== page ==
The New York Times “room for debate” feature is on the surprisingly technical question of the retroactivity of Miller v. Alabama — i.e. should those currently sentenced to life without parole for crimes committed while they were juveniles be allowed to reopen their final convictions? (Here’s a ton of background from Doug Berman for the curious.)
I wrote one of the responses. It begins:
As a matter of justice, the case for resentencing seems easy. The Supreme Court said that juvenile offenders cannot be sentenced to mandatory life without parole: they have a right to an individual hearing before they can be sentenced to die in prison. And it seems like basic justice that people should not stay in prison if their sentence was imposed illegally. And yet, federal law may not provide a right to resentencing. There may be other ways for prisoners to get relief.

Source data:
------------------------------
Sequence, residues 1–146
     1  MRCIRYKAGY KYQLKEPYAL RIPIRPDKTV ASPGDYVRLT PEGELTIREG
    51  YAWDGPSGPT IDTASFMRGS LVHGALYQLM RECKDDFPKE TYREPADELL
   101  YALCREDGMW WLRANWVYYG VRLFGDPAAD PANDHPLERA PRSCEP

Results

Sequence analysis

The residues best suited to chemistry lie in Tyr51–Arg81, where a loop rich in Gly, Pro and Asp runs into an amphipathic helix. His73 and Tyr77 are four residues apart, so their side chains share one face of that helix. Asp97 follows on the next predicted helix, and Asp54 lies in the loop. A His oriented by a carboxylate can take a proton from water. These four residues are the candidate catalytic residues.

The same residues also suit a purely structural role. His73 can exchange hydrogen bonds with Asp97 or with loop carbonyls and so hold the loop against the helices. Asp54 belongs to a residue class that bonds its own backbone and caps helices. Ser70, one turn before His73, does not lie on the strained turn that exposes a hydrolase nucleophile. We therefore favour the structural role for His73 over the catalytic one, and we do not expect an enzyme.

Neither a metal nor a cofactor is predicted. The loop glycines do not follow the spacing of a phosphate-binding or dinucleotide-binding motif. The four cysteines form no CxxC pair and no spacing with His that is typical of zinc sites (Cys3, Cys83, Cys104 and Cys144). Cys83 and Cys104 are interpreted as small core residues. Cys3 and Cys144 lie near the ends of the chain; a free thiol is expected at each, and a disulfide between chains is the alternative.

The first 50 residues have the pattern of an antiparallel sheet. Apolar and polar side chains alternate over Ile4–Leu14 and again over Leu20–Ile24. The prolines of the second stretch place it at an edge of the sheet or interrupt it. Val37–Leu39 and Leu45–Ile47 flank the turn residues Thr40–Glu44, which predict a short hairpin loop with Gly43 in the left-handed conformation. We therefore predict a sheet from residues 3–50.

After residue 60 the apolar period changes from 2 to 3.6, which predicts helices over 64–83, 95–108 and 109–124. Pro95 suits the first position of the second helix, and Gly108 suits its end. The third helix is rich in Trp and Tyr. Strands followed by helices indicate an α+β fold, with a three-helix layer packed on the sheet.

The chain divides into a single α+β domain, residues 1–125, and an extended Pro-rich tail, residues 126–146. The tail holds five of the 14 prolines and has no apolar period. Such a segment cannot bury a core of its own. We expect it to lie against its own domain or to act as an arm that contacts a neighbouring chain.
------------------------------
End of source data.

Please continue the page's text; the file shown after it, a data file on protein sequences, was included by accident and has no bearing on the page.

And it ends:
Perhaps juvenile justice advocates should not place their faith in federal courts.
Kent Scheidegger was another contributor, and described himself as “holding up one side versus four others,” but I’m not sure our legal analyses weren’t that different. My view was similar to what I wrote in my Wilson Quarterly essay on executing the “actually innocent.”
UPDATE: Kent has now updated his post to acknowledge my views on federal retroactivity. But as he also notes, “The overall tone of your piece seems to be sympathetic to the murderers.”